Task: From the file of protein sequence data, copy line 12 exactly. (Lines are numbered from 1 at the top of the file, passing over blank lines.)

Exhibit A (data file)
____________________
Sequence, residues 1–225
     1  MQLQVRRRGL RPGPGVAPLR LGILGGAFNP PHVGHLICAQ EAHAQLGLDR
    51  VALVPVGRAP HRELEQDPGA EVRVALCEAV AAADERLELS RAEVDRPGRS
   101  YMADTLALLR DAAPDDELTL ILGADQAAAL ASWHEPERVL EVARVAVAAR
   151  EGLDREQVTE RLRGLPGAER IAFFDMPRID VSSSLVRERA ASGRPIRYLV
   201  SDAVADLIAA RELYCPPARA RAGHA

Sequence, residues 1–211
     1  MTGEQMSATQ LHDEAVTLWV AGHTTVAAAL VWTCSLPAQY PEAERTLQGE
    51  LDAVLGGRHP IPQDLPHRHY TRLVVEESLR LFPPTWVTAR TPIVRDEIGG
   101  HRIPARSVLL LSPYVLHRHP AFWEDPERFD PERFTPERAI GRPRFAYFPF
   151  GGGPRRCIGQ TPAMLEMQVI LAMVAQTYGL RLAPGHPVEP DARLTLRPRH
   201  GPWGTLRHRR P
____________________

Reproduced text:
   201  GPWGTLRHRR P